5. Hey there, I am interested to burn an Audio CD. This will be a compilation having as source, wav files. I am interested to mix some of them using custom curve crossfade or no fading effects. I know that some burning software (like Nero for example) have a built in option called crossfade with previous track, but the result will involve a fade in/out as well. Having this project in mind, what is your recommendation in order to preserve the native quality of the wav tracks? Saving the compiled files (was as well) could come with loss of quality? how can I check taking in consideration the fact that the resulted files will be at different duration, CD index, etc. I've tried Nero SoundTrax but no so sure about the quality. Thanks,
  6. Hello, I'm looking for an internal PC drive in order to rip Music lossless files from CD's. Objective is to rip AIFF or WAV files with the highest possible quality, I'm using Dbpoweramp software. I remember times ago Pioneer & Plextor were the best drives but might not be the case today ? Thank you for your feedback Rgds
  7. Note: This is going to be a little complicated, so I will try to cover every factor in this problem I've had. I purchased some DSD (352 khz) files of solo piano music that's fairly dynamic and detailed, with loads of gorgeous harmonics. I prefer to play my music in 24/88 or 24/96 format, and also be able to convert to 16/44 WAV to play on my 256 gb Apple devices. So I purchased a well-respected converter (Mac version) to make the 24/88 FLAC and WAV files, and carefully followed the instructions given by the music critic who promoted the album, as well as the detailed instructions given by the converter gurus. Those 24/88 conversions not only wouldn't play on my PC in Foobar2000, they corrupted Foobar so badly that I had to reinstall it. That process of conversion from DSD to 24/88 and attempts to play on Foobar followed by reinstallation was repeated many times, with input from the persons noted above, with no success. Note that I have over a thousand high-res (24/88 to 24/192) WAV and FLAC files from HDTracks and several other such sites, and I've never had a single problem playing those on my Foobar2000 player. And I tested a number of those again during this process. So I finally decided to convert the DSDs to 16/44 WAV files, and those played just fine on Foobar2000. But when I converted those WAV files to FLAC, the FLAC files (Level 5 FLAC) were smaller than MP3s, i.e. about 23 percent of the 16/44 WAV size. Using that same Foobar2000 and both FLAC converters I have (ca. 2007 and 2014), I've converted several thousand CD/WAV rips to FLAC over the years, and none of those FLACs were less than 60 percent of the WAV file size. I even went a step further to see how my trusty FLAC converter could make files smaller than the corresponding MP3s - I converted a few MP3s (320 kbps, 4 minutes and 10 mb each) to 16/44 WAV tracks (44 mb each), and then I restarted Foobar and converted those WAVs to FLAC. Those FLACs, which originated from the MP3 files, were now 24 MB each, and Foobar showed a bitrate around 760 kbps when playing. The "23 percent" FLACs noted above showed a bitrate playing in Foobar of 290 kbps. So my question is, given that I cannot make a FLAC that's 23 percent of a WAV file size from any of the thousands of WAV files that I've ripped or purchased, or even from up-rez'd MP3s, what could possibly be in the WAV files I got from the well-regarded Mac converter that I purchased, that would trick my FLAC converter into making FLACs smaller than MP3s? The converter software gurus say that the DSD recordings have "extremely low complexity", which makes no sense, and doesn't fit with all of the other experience I've described.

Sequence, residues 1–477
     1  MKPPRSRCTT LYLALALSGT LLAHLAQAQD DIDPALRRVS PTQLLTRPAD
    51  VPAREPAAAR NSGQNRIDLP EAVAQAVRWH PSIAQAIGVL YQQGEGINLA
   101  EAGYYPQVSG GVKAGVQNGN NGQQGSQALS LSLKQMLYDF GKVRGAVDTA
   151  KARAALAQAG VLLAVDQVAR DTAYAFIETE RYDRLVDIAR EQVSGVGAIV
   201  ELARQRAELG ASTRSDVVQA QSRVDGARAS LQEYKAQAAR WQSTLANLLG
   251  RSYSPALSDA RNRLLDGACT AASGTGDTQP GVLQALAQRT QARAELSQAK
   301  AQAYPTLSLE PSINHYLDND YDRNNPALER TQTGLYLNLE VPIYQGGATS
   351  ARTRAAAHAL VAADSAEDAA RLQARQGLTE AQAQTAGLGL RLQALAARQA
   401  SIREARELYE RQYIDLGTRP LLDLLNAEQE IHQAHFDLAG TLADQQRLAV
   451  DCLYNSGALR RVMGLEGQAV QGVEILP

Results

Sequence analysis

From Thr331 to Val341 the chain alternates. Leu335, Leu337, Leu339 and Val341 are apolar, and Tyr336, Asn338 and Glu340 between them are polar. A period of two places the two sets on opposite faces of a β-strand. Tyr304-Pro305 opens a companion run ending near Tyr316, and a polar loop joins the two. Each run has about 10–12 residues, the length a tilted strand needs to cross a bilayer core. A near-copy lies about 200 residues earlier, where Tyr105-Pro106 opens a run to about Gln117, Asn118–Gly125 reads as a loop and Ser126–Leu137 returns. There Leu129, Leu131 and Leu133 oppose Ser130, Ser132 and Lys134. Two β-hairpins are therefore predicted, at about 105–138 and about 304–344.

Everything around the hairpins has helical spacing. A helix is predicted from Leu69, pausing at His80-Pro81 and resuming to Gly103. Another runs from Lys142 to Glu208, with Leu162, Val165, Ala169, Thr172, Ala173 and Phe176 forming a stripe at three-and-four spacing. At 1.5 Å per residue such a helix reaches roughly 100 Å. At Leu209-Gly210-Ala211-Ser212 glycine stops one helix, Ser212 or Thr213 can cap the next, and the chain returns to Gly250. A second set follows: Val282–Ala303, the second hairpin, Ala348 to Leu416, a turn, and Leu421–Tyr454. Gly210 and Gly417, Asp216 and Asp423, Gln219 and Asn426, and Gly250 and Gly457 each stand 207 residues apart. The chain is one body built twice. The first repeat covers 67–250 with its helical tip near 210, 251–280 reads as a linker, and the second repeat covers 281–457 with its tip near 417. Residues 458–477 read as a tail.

8. Does big labels spoil the audio quality by over producing /mixing/ mastering? Or are there examples that proves this theory wrong? As an example I chose these 2 musically very satisfying albums. Adele;Amazon.com: Adele: 21: Music Carmen Gomes;http://www.soundliaison.com/ Adele ''21''; DRdata base score; min. 5, max. 8. Carmen Gomes ''Thousand Shades of Blue''; DRdata base score; min. 12, max. 15. That is almost 2 times as much dynamic range and Carmen Gomes, on that album, is singing softer than Adele. But of course it is also two completely different production methods; Carmen Gomes source;http://www.soundliaison.com/ Adele 21; source;Tom Elmhirst: Recording Adele 'Rolling In The Deep'